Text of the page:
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Patient-Centered Goal-Setting in the National Diabetes Prevention Program: A Pilot Study

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posted on 17.08.2021, 14:50 by Natalie D. Ritchie, Katherine A. Sauder, Peter G. Kaufmann, Leigh Perreault
Introduction: Difficulty achieving preset goals (e.g., ≥5% weight loss, ≥150 minutes of weekly physical activity) in the yearlong National Diabetes Prevention Program (NDPP) can prompt dropout and diminish benefits. We piloted a more patient-centered NDPP adaptation (NDPP-Flex) that promotes a variety of attainable and individually-tailored goals to reduce diabetes risks, along with flexibility to adjust goals each week as needed.

Research Design and Methods: Retention, physical activity, weight, and HbA1c were evaluated among diverse participants with diabetes risks who received our pilot of NDPP-Flex beginning in January and July 2018 (n=95), with a planned comparison to standard NDPP delivery in preceding cohorts that launched between September 2016 and October 2017 (n=245). Both the standard NDPP and NDPP-Flex interventions were one year in duration and implemented in phases (i.e., non-randomized).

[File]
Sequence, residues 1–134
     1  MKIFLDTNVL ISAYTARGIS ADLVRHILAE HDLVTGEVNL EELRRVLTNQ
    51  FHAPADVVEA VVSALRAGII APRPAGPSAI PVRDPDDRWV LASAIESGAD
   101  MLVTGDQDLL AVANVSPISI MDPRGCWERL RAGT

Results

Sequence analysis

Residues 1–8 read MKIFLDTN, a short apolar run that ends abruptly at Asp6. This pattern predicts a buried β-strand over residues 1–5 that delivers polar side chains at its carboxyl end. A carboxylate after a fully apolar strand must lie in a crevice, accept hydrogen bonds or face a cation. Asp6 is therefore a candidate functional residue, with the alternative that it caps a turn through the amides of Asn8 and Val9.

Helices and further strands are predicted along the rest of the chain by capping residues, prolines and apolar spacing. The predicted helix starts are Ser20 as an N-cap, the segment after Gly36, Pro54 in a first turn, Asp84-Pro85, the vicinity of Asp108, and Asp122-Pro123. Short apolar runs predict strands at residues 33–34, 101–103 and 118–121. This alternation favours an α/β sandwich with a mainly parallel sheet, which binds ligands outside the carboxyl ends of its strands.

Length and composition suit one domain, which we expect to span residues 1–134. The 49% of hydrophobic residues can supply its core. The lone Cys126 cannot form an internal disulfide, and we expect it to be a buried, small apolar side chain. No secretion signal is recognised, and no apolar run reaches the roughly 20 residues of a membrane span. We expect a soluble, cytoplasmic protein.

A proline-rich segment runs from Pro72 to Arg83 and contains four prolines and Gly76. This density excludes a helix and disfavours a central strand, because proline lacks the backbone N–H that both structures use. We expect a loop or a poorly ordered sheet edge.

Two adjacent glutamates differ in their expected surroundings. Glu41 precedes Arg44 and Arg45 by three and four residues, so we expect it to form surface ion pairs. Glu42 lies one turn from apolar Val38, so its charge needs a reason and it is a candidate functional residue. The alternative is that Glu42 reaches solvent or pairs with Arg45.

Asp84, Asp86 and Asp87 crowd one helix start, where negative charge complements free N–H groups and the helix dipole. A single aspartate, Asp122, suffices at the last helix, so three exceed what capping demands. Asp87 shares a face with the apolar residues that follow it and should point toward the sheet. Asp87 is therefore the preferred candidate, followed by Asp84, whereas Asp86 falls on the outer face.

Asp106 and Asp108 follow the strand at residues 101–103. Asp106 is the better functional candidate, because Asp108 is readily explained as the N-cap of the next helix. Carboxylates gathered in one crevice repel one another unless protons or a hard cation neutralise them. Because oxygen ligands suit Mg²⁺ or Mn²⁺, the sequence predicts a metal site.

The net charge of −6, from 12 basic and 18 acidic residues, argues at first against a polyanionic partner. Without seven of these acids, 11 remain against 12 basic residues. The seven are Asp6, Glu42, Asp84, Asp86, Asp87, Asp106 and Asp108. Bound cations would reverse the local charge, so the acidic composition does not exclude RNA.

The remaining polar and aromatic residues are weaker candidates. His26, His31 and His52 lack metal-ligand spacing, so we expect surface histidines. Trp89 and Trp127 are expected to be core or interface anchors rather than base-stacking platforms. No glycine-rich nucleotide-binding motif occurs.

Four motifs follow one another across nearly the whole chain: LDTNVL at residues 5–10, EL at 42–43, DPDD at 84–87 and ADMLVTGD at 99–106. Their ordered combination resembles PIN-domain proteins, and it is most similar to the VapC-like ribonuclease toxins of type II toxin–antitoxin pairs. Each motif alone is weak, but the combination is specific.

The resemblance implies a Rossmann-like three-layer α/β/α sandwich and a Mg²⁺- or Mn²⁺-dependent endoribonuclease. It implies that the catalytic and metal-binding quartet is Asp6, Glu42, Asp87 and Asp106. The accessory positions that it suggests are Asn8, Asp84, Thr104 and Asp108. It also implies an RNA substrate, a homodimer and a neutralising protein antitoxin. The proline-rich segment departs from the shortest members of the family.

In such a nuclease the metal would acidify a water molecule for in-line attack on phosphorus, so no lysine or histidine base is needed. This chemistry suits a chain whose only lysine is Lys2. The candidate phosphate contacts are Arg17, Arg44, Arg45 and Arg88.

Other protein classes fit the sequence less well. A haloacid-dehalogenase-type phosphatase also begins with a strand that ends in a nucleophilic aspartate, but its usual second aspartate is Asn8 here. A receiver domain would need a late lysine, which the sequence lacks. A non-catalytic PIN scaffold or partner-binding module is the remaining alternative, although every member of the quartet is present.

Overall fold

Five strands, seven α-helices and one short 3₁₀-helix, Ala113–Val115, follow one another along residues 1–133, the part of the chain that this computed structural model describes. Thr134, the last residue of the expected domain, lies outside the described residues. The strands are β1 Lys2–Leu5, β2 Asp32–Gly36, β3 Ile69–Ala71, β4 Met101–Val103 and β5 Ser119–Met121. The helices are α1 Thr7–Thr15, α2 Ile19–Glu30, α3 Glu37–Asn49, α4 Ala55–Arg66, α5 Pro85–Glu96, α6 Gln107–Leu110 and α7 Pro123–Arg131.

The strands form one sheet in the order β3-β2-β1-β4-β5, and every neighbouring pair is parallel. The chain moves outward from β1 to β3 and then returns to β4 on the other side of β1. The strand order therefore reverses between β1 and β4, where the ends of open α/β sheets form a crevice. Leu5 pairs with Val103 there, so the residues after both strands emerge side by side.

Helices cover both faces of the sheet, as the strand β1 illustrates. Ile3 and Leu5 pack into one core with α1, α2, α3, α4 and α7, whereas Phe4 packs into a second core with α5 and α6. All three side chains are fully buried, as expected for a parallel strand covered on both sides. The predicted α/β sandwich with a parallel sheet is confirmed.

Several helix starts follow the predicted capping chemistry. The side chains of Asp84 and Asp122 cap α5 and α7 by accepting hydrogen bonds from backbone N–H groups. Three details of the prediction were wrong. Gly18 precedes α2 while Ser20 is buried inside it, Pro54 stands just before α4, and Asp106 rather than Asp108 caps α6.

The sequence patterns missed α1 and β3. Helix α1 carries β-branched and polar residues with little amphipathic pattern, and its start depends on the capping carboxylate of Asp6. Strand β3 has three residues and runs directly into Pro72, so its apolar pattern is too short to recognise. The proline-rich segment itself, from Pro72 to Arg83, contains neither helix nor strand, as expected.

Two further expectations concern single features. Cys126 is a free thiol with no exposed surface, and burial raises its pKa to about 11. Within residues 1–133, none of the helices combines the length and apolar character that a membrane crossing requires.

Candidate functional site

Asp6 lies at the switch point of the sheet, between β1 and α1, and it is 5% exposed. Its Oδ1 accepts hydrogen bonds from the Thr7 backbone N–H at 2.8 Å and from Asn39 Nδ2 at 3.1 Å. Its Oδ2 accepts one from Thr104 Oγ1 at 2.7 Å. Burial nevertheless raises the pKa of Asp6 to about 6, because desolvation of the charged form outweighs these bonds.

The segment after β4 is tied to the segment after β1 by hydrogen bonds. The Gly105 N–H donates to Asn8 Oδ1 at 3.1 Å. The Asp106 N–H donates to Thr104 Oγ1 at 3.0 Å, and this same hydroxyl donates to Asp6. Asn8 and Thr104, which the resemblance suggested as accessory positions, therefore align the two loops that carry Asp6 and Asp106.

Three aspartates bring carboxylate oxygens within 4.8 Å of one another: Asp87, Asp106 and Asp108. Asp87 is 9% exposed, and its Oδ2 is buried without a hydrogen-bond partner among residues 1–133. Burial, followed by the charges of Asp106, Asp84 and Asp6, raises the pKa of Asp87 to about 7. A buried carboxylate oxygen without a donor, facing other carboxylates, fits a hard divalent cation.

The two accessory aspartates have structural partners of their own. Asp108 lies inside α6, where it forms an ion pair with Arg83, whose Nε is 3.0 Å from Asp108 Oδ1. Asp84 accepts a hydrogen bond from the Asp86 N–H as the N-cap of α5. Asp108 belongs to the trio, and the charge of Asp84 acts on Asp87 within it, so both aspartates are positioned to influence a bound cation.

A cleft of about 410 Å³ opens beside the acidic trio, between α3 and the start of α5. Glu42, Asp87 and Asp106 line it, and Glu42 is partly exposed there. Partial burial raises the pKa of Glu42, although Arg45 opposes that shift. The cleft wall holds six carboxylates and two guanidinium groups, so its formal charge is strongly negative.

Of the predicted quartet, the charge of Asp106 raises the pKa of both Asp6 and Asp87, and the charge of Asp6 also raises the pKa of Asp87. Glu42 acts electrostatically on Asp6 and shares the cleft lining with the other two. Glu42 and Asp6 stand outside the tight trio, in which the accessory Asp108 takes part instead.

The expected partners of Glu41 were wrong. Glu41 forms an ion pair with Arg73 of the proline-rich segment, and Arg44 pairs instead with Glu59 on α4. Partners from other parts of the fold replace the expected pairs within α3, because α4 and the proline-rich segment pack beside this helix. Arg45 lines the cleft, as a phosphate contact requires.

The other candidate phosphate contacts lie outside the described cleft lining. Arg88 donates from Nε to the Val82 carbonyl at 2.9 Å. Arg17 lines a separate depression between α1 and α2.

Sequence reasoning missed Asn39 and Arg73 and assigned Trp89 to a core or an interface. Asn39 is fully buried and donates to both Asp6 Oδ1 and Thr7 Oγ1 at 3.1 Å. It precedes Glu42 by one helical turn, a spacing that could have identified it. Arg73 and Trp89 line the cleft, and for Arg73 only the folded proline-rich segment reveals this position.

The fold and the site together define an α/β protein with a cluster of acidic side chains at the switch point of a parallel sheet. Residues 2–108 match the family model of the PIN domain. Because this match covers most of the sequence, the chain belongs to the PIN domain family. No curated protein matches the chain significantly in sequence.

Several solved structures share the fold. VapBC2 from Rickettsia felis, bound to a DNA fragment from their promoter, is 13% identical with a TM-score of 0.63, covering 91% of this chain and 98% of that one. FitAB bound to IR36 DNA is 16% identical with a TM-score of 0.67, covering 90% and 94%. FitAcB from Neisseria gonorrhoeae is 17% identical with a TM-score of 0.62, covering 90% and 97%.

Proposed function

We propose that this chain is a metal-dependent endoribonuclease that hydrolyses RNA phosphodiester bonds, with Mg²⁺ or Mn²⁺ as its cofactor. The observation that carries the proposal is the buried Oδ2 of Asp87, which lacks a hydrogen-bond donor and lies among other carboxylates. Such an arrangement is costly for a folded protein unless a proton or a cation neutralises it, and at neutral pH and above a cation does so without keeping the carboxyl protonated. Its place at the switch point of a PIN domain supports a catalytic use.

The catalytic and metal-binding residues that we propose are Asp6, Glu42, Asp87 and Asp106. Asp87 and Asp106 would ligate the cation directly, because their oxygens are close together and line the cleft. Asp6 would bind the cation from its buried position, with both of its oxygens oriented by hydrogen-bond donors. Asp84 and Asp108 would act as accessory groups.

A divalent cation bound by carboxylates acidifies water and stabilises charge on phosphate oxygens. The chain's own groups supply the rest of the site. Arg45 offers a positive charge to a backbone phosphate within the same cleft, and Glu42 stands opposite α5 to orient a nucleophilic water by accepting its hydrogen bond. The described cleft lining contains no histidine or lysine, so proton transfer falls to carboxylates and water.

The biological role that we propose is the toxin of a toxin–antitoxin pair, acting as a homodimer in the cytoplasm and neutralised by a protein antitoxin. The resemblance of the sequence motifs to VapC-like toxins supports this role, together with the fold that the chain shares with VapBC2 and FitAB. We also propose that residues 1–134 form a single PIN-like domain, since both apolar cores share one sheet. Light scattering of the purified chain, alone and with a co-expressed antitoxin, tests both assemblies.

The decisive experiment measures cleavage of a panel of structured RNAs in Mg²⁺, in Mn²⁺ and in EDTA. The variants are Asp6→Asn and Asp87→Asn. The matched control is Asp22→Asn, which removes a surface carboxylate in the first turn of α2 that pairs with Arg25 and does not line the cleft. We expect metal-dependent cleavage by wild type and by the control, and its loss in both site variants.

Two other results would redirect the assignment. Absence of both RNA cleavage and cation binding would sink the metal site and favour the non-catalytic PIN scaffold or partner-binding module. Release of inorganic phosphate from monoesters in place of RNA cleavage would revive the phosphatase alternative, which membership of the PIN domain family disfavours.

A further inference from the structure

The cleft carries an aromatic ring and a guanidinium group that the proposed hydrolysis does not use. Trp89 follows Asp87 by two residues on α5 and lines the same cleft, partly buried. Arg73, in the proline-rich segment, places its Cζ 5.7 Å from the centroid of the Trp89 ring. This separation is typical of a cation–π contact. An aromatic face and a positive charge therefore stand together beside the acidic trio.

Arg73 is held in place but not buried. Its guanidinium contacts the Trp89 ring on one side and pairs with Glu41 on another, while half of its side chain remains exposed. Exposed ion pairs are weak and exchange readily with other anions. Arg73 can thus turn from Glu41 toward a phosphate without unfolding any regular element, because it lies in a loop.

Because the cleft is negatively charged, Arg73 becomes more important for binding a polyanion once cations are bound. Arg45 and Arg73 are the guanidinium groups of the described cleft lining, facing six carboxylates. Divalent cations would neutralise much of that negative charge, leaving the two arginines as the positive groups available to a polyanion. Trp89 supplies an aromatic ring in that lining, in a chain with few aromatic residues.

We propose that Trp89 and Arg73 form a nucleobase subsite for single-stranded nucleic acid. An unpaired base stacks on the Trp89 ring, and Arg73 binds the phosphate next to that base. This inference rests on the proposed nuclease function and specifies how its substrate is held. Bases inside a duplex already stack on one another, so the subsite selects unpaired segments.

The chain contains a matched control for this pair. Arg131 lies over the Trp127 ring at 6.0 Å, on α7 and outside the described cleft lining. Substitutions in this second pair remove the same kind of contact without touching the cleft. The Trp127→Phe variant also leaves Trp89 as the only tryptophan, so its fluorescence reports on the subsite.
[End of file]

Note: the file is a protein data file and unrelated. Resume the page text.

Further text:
Results: Average adjusted retention (e.g., 158.90 ± 15.20 vs. 166.71 ± 9.38 days; P=.674), physical activity (157.97 ± 11.91 vs. 175.64 ± 7.54 weekly minutes; P=.231), and weight loss (1.46 ± 0.38% vs. 1.90 ± 0.24%; P=.396) were similar between NDPP-Flex versus standard NDPP. However, NDPP-Flex participants had greater HbA1c reduction on average (0.22 ± 0.05% vs. 0.06 ± 0.03%, P=.018) and were more likely to have normoglycemia at follow-up (OR 4.62; P=.013; 95% CI 1.38-15.50) than participants in the standard NDPP.

Conclusions: An adapted, more patient-centered NDPP that focuses on flexible, self-selected goals may be a promising strategy to improve glycemia even in the absence of substantial weight loss.

Funding

The National Diabetes Prevention Program at Denver Health was funded by the Amendment 35 Cancer, Cardiovascular Disease and Pulmonary Disease Grant Program administered by the Colorado Department of Public Health and Environment, and an award from America’s Health Insurance Plans in partnership with the Centers for Disease Control and Prevention. Additional support was provided by Denver Health, including the Denver Health Office of Research Pilot Award Program. Manuscript preparation was supported in part by a grant from the National Institute of Diabetes and Digestive and Kidney Diseases at the National Institutes of Health (R01DK119478).

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